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Hey guys, so I decided to start this thread after receiving some bad news about my application this cycle. This was my first time applying and of course like many Pre-PA students, I didn't expect I would be receiving a rejection letter without even an interview. I now have the difficult task of evaluating myself as an applicant and seeing what I can do better for next time. I know my biggest weakness in my application was my grades. I worked full time and went to UT austin. My course load was always very heavy, taking between 15-17 hours each semester.  I am graduating early (this december) and no longer will be considered an undergraduate.


My pre-req grades are as follows: Psych B, Calc B+, Stats A, anatomy w/ lab B- , Physiology C+, Physiology lab A-, Ochem 1 C, Ochem lab B+, Microbiology B, Microbiology lab B, Biochemistry A, Genetics C+. My Overall GPA: 3.2 My Science GPA: 3.1 and My non-science GPA: 3.38

Any advice as to what I should do academically? Should I re-take some of these courses? I have heard in some cases it looks bad to simply re-take undergraduate courses because it looks like "oh I get it now", would it be better to enroll in graduate level courses in these areas?


I also feel like I set myself up for failure by waiting until September 28th to have everything submitted. I worked 80 hour weeks this summer, lost track of time and didn't make it a priority to finish my application early. For the next cycle I will do my best to apply early of course.


Regarding my letters of recommendation, I feel as if I had 5 very strong letters of recommendation this cycle. I had 2 professors (one of which used to be a PA), a current PA I shadowed, and two current employers (one health care related and one not). For reapplication, is it necessary to get new letters of recommendation or will my old 5 work? 


Regarding my GRE, I only took it once. My quantitative score was 151, my verbal score was 152, and my writing score was a 4. Should I re-take my GRE? Do schools even care much about this score?


My shadowing was 160 hours with a pediatric neurosurgery PA in Dallas Texas and I gained over 1,000 hours of hands on patient care working as a medication aid throughout college. I plan on gaining even more patient care hours since I will no longer be in college. 


My personal statement was pretty solid. I am confident in what I wrote. My question regarding this area is what are ways to make the personal statement better when re-applying? I know it's a big "no-no" to re-submit the same statement again. What are some good things to talk about in the re-write?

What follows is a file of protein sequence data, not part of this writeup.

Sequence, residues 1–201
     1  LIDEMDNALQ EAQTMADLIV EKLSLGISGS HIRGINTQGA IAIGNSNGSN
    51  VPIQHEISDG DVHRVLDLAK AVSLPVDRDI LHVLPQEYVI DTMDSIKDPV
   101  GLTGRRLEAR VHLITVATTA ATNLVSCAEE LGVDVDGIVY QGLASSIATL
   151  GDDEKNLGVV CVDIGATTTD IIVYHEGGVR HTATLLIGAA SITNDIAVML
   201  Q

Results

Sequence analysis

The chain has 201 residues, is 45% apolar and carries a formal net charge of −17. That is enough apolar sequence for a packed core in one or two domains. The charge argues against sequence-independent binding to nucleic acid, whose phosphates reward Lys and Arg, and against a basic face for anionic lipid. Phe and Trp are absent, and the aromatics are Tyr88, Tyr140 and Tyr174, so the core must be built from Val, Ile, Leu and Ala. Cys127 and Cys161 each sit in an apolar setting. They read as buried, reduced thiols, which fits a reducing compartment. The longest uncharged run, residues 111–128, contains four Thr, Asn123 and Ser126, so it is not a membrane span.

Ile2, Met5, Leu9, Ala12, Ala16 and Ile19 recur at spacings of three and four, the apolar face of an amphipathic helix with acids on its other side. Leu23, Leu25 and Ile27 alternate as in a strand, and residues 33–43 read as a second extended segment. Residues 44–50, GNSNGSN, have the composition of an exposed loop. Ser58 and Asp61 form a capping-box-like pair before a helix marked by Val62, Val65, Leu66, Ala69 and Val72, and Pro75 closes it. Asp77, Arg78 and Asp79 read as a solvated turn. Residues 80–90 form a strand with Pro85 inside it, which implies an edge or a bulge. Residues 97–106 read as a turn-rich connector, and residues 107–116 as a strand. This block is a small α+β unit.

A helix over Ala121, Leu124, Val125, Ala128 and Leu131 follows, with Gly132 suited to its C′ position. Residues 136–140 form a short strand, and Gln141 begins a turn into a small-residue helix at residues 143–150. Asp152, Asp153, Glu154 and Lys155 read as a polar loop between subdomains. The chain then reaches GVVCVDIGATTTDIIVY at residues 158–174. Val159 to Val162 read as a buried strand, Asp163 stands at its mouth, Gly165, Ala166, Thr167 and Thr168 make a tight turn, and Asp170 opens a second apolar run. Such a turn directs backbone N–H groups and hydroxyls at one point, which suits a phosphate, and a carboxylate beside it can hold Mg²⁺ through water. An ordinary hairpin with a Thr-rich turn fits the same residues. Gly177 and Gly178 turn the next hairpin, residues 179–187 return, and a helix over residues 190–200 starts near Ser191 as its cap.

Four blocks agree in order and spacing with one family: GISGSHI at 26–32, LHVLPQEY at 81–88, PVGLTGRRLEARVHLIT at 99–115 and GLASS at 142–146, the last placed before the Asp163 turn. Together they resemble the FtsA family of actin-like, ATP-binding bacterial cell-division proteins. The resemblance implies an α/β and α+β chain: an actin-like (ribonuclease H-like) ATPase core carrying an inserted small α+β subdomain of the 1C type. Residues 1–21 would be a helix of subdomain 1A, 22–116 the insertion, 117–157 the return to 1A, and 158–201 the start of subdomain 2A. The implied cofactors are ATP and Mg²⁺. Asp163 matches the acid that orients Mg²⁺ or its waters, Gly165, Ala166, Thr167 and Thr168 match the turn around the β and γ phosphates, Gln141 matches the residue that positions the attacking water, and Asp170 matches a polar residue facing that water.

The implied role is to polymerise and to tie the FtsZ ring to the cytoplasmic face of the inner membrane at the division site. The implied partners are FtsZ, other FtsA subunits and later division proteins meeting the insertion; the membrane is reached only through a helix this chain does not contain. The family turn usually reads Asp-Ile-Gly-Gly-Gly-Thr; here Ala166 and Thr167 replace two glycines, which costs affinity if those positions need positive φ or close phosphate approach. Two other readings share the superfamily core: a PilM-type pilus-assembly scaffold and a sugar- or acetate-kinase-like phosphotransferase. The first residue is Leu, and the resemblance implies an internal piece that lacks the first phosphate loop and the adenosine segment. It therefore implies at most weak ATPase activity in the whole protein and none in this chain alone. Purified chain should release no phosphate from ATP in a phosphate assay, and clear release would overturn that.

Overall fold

I have already requested a file evaluation but seeing as those don't come out until between February and may, I want to start taking action now to be better for next cycle. I know this is a lot to read and to look at. Any comments or advice you have for me would be wonderful, especially from those who have already re-applied and gotten in or from those who have gotten accepted period. I respect honesty so feel free to be as honest as you want, it only makes me better in the long run. Thank you so much for your time in reading this incredibly long post. 


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^^ That's good advice. I agree with 1) especially. Retake the courses you got C's in, first and foremost. I'd recommend doing them at a community college as these credits are accepted at UNTHSC and the smaller classroom vibe works as an advantage for many.


At the interview it was mentioned that even though the program's minimum GPA is 2.85 (which I vaguely remember it being mentioned that it may be be bumped up to 3.0 next cycle), the avg person accepted had around a 3.6-3.7 in their sGPA and regular GPA. People invited to the interview were very likely to be above at least one category of the average accepted student. You can find this info on their website which will list average GPAs, GRE percentile, etc. of the two previous classes. 


I'd focus less on retaking the GRE and more on perfecting that personal statement and GPA as already mentioned. Focus on how you improved your application and what you've done in the meantime that sets you apart from other applicants. Good luck.

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